User Education in Health Sciences Libraries / Edition 1

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Overview

Here is ready access to a wide range of information for librarians who teach users how to best utilize information resources. Library and information science students and practitioners can learn from the educational programs that have been developed over the last decade, as presented in this volume, to build and expand their roles as consultants and educators. Bringing together the best information on the subject from the pages of Medical Reference Services Quarterly, this book is intended to create an interest in user education in libraries and generate ideas for new or expanded user education programs.

The book contains black-and-white illustrations.

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Editorial Reviews

Doody's Review Service
Reviewer: Rama Vishwanathan, MA, MLIS (University of Illinois at Chicago)
Description: This book is a collection of 27 articles giving an overview of the various aspects of the librarians' role in instructing and educating users to use information resources.
Purpose: The book provides theoretical and practical advice on planning and implementation of user instruction programs in health sciences libraries. It also shows the librarian's role, both in the present and future, as an instructor. Librarians can use this as a tool to refine their skills in educating users in this technologically rich library environment.
Audience: Though the title of the volume identifies the target group to be health sciences librarians, this is a useful book for librarians from all types of libraries. Library and information science graduate students taking bibliographic instruction course and library administrators would also find this most useful.
Features: The collection of articles are arranged into five sections, covering different aspects of user education. The individual chapters in each section are articles selected from Medical Reference Services Quarterly from 1987 through 1994. The five sections cover articles that deal with planning and implementing user education programs, instruction to end-user searchers, research in user education, information management education and computer literacy programs, and the use of new and different multimedia technologies in instruction.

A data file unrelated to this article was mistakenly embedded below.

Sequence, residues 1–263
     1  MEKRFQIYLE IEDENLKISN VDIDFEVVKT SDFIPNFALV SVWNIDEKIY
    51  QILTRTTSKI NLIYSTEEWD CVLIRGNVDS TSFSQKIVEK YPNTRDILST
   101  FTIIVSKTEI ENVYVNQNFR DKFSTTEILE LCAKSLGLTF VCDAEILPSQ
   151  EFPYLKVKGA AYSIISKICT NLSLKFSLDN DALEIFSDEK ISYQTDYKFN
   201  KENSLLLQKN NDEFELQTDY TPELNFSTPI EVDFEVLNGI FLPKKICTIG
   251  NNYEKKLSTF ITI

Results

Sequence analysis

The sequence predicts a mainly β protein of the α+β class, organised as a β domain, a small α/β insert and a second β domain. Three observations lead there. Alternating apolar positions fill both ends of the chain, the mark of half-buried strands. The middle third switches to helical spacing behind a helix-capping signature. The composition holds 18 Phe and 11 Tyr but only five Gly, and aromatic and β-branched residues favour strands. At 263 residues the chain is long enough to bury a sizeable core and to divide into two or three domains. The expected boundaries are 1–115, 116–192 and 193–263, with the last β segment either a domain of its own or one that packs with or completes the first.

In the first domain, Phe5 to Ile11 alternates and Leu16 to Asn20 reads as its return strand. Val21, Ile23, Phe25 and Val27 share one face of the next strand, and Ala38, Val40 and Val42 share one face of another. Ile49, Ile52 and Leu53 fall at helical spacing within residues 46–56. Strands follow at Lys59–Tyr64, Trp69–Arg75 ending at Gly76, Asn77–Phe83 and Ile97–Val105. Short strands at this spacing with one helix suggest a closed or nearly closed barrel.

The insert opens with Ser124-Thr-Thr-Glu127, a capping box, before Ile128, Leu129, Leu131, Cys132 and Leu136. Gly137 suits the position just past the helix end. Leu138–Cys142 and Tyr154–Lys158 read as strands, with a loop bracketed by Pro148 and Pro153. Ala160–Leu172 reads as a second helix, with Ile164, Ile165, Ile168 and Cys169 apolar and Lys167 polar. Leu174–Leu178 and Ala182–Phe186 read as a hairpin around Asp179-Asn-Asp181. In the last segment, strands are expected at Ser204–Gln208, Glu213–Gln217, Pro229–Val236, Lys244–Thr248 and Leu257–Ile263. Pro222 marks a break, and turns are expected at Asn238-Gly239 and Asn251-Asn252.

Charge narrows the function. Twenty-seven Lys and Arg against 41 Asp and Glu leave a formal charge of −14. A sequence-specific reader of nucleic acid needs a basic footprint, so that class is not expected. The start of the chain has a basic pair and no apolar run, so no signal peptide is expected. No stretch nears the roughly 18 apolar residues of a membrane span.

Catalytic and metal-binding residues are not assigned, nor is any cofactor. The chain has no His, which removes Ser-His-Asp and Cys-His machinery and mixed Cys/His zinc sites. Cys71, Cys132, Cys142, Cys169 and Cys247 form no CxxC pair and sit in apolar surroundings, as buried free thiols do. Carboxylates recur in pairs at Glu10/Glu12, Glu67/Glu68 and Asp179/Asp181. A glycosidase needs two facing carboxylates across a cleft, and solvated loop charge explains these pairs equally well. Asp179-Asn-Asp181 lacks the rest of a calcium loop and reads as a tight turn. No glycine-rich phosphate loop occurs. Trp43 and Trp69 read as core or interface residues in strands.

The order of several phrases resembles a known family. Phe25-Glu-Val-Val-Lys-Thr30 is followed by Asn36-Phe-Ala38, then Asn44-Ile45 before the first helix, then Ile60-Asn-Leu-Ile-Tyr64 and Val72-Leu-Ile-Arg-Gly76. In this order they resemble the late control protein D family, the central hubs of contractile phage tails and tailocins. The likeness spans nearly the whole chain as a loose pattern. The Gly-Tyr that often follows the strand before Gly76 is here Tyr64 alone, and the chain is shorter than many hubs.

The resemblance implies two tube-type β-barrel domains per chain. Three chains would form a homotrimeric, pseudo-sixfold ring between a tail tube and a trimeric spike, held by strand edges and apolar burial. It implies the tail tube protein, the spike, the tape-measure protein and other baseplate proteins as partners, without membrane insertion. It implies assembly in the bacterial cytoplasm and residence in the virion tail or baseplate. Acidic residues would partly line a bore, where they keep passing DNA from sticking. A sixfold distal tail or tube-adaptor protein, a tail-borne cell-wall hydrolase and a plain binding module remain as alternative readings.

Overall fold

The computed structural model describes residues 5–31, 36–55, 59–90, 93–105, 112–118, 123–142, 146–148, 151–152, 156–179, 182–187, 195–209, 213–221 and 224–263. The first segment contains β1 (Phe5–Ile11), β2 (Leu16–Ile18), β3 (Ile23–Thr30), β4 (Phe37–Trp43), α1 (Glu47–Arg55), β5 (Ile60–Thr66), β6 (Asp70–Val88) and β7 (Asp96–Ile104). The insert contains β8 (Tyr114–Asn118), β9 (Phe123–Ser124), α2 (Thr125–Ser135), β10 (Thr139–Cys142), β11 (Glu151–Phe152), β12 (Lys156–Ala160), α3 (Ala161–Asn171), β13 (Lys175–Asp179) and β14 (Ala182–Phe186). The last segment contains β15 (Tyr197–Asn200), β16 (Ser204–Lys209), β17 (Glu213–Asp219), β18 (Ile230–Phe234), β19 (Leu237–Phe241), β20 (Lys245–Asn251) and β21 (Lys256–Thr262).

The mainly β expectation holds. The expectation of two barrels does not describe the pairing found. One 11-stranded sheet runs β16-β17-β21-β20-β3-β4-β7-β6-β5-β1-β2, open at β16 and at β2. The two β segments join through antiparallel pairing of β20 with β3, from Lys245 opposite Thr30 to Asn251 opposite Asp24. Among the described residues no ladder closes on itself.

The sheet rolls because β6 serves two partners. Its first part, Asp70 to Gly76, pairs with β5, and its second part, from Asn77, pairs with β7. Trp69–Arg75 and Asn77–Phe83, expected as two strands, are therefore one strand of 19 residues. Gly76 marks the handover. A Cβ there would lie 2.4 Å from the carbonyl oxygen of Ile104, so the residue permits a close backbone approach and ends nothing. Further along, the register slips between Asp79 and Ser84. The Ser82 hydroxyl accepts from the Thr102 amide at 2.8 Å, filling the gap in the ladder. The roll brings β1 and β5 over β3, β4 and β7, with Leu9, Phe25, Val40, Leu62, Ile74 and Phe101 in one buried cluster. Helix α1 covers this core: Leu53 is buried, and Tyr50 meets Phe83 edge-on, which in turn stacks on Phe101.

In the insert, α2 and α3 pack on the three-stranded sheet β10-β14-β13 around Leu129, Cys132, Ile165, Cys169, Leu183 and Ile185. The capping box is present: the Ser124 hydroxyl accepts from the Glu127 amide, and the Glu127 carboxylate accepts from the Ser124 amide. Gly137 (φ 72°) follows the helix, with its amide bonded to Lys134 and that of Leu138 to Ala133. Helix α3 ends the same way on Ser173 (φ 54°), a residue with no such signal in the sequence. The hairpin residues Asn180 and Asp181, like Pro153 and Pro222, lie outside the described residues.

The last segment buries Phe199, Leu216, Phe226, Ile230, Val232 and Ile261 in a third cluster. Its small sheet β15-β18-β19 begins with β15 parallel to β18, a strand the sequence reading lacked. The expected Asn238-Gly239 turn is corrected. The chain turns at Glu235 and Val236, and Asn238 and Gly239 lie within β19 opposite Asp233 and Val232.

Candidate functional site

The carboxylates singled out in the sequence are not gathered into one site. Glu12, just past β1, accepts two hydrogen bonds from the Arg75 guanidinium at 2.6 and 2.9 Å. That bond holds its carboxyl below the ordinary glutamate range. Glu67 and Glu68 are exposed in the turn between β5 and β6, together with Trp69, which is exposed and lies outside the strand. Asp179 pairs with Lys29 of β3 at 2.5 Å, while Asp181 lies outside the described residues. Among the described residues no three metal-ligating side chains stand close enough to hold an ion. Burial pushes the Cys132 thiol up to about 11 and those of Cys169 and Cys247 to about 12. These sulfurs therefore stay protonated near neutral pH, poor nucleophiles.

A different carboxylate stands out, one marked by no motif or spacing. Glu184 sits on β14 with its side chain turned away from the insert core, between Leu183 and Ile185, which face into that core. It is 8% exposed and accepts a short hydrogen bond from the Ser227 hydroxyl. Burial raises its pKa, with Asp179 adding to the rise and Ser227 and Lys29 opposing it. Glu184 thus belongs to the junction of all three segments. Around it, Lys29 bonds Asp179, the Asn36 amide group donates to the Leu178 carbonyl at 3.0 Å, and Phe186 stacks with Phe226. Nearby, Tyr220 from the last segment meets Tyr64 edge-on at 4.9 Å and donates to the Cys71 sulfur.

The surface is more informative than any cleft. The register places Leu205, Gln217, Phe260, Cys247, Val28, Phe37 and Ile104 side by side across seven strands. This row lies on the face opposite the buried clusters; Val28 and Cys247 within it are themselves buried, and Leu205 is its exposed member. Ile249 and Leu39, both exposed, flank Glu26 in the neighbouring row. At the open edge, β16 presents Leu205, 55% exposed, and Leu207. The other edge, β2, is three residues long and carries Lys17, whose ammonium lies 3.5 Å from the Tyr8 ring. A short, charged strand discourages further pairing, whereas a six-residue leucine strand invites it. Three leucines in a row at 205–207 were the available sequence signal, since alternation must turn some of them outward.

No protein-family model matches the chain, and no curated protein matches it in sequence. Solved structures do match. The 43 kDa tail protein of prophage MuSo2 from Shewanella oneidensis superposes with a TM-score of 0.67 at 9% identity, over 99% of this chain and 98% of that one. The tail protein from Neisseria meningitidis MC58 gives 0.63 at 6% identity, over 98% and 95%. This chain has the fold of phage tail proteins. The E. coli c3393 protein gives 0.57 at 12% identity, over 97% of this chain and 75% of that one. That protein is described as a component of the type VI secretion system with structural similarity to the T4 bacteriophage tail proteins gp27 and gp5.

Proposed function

Assessment: The strength of the book lies in its good selection of a wide range of articles, including a number of recently written articles that provide interesting ideas and skills to librarians, students, and administrators alike. These research articles complement each other, with the information being current. They are well grouped into the five broad categories covering various aspects of user education.
From The Critics
Reviewer: Rama Vishwanathan, MA, MLIS (University of Illinois at Chicago)
Description: This book is a collection of 27 articles giving an overview of the various aspects of the librarians' role in instructing and educating users to use information resources.
Purpose: The book provides theoretical and practical advice on planning and implementation of user instruction programs in health sciences libraries. It also shows the librarian's role, both in the present and future, as an instructor. Librarians can use this as a tool to refine their skills in educating users in this technologically rich library environment.
Audience: Though the title of the volume identifies the target group to be health sciences librarians, this is a useful book for librarians from all types of libraries. Library and information science graduate students taking bibliographic instruction course and library administrators would also find this most useful.
Features: The collection of articles are arranged into five sections, covering different aspects of user education. The individual chapters in each section are articles selected from Medical Reference Services Quarterly from 1987 through 1994. The five sections cover articles that deal with planning and implementing user education programs, instruction to end-user searchers, research in user education, information management education and computer literacy programs, and the use of new and different multimedia technologies in instruction.
Assessment: The strength of the book lies in its good selection of a wide range of articles, including a number of recently written articles that provide interesting ideas and skills to librarians, students, and administrators alike. These research articles complement each other, with the information being current. They are well grouped into the five broad categories covering various aspects of user education.
Rama Vishwanathan